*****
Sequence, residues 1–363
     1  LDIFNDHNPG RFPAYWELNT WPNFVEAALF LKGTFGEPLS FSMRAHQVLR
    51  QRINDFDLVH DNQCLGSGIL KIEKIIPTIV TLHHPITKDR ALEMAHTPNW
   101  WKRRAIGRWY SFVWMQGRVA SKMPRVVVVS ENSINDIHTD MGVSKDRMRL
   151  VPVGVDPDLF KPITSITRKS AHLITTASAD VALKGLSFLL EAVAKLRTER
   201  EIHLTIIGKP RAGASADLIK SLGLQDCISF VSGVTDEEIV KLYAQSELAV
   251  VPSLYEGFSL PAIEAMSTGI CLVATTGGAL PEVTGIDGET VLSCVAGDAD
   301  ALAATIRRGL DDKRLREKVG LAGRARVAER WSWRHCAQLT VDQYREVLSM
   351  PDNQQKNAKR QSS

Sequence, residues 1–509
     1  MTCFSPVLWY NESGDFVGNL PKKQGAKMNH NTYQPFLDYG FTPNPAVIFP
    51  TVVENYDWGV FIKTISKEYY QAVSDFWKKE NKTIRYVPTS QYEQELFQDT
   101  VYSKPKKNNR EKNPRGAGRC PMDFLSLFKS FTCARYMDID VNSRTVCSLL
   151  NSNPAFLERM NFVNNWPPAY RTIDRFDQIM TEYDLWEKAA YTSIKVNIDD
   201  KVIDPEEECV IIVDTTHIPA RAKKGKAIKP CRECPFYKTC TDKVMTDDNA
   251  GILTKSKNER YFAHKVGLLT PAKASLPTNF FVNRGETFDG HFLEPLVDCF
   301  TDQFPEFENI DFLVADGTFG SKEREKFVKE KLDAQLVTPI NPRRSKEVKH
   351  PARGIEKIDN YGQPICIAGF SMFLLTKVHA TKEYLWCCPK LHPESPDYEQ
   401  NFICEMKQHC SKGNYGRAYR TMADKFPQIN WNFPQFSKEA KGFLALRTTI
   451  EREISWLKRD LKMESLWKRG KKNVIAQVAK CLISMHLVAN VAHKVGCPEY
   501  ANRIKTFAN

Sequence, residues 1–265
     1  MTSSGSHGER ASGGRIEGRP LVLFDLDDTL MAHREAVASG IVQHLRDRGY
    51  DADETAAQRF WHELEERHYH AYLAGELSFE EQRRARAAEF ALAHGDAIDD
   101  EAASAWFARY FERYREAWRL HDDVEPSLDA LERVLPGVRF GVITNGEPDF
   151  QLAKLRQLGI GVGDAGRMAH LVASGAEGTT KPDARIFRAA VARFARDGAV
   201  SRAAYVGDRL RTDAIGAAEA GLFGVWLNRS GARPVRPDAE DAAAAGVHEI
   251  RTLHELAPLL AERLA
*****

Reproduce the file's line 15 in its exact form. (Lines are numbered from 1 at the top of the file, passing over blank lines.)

   201  KVIDPEEECV IIVDTTHIPA RAKKGKAIKP CRECPFYKTC TDKVMTDDNA